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Panasonic ENE FARM Residential Fuel Cell

Panasonic ENE FARM Residential Fuel Cell

Most of the big players in the USA who were initially planning on providing fuel cells for residential homes have either gone out of business or shifted to selling products for Telecom backup.  It’s simply easier and more cost effective for them to sell thousands of units to a single customer who has established maintenance infrastructure than to sell a single unit to 1,000 individuals who may not be as rigorous on installation and maintenance.  This means that if you are a single home who wants to either go off-grid or partially off-grid with a fuel cell, you essentially have to build it yourself at the moment or we can assist you with putting together a one-off system.  Since there isn’t a commercially available option, custom systems can cost $35,000 – $100,000+.  The fuel cell industry changes so frequently, if there is a provider for residential fuel cells out there currently delivering actual products, please leave a comment and a link or email us.

By the way, we work primarily with PEM fuel cells so this article will mostly be addressing those.

 

Hydrogen Supply

First off, you will need a supply of Hydrogen to fuel your Fuel Cell.  Depending on your goal, you can get this in several different ways: delivered hydrogen (e.g. tube trailers, cylinders, etc), on-site generated (e.g. electrolyzer) or reformed.

Delivered – This is pretty straight forward.  You pay someone and they bring you Hydrogen, typically in either a tube trailer, 6-pack of gas cylinders, etc.  This would be common for emergency backup type of systems where the system isn’t consuming hydrogen continuously and is only used periodically or in emergencies.  This would not be uncommon for the Telecom backup systems since they typically are only turned on briefly once a month for testing and only need enough hydrogen on-site to run for several hours in case of loss of primary power.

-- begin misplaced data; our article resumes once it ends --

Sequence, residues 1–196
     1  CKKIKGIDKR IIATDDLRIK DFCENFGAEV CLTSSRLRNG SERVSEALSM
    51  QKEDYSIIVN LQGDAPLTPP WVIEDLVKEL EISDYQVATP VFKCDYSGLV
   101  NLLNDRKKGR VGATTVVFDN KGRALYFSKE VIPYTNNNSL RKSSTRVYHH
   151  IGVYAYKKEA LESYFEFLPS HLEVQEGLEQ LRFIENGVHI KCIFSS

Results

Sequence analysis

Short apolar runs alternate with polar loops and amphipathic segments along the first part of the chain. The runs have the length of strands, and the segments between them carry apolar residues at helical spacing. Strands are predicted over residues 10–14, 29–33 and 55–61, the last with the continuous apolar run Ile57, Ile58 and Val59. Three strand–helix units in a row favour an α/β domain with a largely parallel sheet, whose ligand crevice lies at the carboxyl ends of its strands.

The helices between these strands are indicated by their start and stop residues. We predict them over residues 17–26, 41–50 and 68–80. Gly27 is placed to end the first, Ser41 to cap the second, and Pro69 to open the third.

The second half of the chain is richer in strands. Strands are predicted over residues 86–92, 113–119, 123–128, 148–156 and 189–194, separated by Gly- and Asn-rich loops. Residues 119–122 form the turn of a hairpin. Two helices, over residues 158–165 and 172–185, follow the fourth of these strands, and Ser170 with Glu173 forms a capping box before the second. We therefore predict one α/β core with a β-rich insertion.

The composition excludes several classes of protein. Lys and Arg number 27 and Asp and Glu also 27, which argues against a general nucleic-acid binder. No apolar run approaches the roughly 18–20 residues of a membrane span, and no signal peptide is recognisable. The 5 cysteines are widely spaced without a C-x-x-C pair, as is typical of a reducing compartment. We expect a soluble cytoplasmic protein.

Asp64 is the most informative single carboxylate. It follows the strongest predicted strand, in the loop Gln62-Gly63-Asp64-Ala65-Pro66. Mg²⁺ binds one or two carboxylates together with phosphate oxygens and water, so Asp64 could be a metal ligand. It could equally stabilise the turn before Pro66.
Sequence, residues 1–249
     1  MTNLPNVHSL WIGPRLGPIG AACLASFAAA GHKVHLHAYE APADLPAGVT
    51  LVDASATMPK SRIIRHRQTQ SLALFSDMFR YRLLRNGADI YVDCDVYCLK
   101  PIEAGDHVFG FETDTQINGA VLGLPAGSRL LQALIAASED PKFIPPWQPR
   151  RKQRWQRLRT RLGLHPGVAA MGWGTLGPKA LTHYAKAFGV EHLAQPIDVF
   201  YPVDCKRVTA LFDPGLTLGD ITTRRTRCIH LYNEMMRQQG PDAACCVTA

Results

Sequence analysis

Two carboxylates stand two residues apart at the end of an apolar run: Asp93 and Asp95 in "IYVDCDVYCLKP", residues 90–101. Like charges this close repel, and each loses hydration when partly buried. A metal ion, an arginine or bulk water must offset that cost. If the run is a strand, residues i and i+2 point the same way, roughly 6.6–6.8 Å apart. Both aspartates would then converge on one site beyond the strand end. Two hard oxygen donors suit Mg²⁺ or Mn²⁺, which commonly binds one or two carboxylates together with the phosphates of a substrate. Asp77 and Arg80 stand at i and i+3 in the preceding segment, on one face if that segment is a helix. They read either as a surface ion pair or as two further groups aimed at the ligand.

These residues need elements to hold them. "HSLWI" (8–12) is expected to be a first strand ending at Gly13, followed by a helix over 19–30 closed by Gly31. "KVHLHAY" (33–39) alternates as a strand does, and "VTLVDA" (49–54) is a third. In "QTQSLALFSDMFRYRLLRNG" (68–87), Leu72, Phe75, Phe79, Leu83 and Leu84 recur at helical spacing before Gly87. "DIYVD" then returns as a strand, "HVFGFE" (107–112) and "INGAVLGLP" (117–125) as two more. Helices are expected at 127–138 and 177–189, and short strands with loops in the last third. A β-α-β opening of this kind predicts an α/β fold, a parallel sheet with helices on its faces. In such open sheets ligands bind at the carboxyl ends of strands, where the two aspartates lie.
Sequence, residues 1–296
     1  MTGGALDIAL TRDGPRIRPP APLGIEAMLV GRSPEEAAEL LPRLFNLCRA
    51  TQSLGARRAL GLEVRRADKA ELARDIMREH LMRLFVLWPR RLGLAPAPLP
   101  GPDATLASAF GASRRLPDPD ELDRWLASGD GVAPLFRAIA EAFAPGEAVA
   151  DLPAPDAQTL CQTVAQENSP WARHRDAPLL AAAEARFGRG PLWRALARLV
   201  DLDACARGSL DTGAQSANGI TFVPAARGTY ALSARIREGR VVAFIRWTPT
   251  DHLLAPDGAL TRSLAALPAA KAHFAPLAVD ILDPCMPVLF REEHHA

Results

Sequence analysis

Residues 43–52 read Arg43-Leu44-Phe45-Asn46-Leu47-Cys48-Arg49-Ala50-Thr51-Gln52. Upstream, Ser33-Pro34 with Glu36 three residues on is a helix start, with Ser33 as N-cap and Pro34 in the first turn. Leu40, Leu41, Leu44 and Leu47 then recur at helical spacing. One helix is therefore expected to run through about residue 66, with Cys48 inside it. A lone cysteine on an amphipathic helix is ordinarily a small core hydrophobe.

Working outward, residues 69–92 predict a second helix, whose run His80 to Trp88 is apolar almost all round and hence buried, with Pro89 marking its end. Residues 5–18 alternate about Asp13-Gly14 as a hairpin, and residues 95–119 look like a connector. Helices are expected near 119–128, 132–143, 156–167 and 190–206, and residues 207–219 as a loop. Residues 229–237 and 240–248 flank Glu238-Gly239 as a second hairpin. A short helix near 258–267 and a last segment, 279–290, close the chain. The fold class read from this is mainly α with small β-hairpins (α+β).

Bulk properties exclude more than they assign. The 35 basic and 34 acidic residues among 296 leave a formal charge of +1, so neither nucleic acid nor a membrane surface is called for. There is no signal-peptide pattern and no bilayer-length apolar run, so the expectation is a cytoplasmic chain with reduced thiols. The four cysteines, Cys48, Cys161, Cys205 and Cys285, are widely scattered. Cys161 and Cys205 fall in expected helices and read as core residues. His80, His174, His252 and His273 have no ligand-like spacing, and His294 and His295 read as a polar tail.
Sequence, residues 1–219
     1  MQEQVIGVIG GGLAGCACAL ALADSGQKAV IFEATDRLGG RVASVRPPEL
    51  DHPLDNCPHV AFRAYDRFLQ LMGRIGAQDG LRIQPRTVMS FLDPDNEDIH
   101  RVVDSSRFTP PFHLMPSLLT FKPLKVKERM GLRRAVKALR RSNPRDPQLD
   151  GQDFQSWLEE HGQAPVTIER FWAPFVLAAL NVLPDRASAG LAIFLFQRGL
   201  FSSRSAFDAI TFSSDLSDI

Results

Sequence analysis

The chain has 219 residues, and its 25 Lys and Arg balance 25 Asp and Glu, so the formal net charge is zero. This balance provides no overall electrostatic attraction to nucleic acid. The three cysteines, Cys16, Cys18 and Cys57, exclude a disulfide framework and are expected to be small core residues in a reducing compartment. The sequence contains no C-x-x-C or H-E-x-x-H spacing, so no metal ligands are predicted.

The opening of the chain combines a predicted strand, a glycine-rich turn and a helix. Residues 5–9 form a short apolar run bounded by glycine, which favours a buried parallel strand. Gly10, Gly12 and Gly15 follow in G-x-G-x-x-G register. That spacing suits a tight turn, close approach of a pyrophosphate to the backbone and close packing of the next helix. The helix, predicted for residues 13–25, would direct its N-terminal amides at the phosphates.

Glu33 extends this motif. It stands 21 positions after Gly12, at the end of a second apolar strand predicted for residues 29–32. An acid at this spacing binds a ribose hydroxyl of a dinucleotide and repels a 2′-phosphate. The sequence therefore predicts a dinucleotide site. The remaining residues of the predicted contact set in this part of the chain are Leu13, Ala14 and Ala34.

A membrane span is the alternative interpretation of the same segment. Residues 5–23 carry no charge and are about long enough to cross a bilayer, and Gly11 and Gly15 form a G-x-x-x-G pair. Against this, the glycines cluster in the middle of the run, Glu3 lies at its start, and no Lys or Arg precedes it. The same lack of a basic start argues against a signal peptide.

On-site Generated – This would be the most renewable option and is typical for fully and partially off-grid applications.  In this case you would take power when it’s available and use it to generate hydrogen by electrolyzing (splitting) water.  This Hydrogen is then stored for periods when you do not have power available.  A common scenario might be if you have solar you may use excess solar power during the day to generate hydrogen, then when the sun goes down or on a cloudy day you can consume the hydrogen you generated previously to generate electricity in your fuel cell.

Reformed – This is a process for taking hydrocarbons (typically Natural Gas [NG], Propane, etc) and reforming it in a combustion chamber to produce hydrogen gas.  For use in a PEM fuel cell the hydrogen would need to be purified.

 

Hydrogen Storage

Once you have your hydrogen, you often will want to store it.  How much hydrogen you want to store will depend on how much power you need (and the hydrogen consumption rate at that power) and how long you need that power.  In the solar example above, if you assume that you will be generating excess electricity from solar for 8 hours a day and that you will consume 2 kW for the other 16 hrs you will need:

26 LPM Hydrogen (from the 2 kW FC Specifications) * 60 min/hr * 16 hrs/day = 24,960 L per day.

Assuming you will be consuming the full 2 kW the entire time.  If you operate at less than 2 kW you will obviously consume less fuel.

This is the equivalent to approximately (5) K sized bottles of Hydrogen.  Not unmanageable.

You can also store at much higher volumetric densities using metal hydrides.  These will be more expensive, but if space is a concern it may be worth it.

 

The Fuel Cell

horizon-fuel-cell-stack-home-residentialNow we get to the heart of the system, the fuel cell.  This is actually not that complicated either.  You can purchase a fuel cell stack that has basic system and controls and outputs a variable level DC that can then be converted to AC for your home (see next section).  Please note that these fuel cells will not operate below freezing.